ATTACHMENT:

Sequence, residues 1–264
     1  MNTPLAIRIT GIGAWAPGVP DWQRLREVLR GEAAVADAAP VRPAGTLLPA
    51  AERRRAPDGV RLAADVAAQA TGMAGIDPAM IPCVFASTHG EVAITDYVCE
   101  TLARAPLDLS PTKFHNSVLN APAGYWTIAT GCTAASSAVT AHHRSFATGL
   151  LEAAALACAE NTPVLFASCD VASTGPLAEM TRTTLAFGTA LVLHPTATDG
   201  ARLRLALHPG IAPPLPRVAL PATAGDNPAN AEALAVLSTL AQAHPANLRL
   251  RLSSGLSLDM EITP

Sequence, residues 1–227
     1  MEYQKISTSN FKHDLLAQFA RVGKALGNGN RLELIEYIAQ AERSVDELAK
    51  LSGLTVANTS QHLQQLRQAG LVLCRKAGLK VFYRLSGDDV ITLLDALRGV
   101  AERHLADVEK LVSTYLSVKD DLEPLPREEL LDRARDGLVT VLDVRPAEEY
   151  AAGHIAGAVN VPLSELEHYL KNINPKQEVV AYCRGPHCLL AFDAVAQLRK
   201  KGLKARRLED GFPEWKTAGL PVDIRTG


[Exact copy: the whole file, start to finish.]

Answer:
Sequence, residues 1–264
     1  MNTPLAIRIT GIGAWAPGVP DWQRLREVLR GEAAVADAAP VRPAGTLLPA
    51  AERRRAPDGV RLAADVAAQA TGMAGIDPAM IPCVFASTHG EVAITDYVCE
   101  TLARAPLDLS PTKFHNSVLN APAGYWTIAT GCTAASSAVT AHHRSFATGL
   151  LEAAALACAE NTPVLFASCD VASTGPLAEM TRTTLAFGTA LVLHPTATDG
   201  ARLRLALHPG IAPPLPRVAL PATAGDNPAN AEALAVLSTL AQAHPANLRL
   251  RLSSGLSLDM EITP

Sequence, residues 1–227
     1  MEYQKISTSN FKHDLLAQFA RVGKALGNGN RLELIEYIAQ AERSVDELAK
    51  LSGLTVANTS QHLQQLRQAG LVLCRKAGLK VFYRLSGDDV ITLLDALRGV
   101  AERHLADVEK LVSTYLSVKD DLEPLPREEL LDRARDGLVT VLDVRPAEEY
   151  AAGHIAGAVN VPLSELEHYL KNINPKQEVV AYCRGPHCLL AFDAVAQLRK
   201  KGLKARRLED GFPEWKTAGL PVDIRTG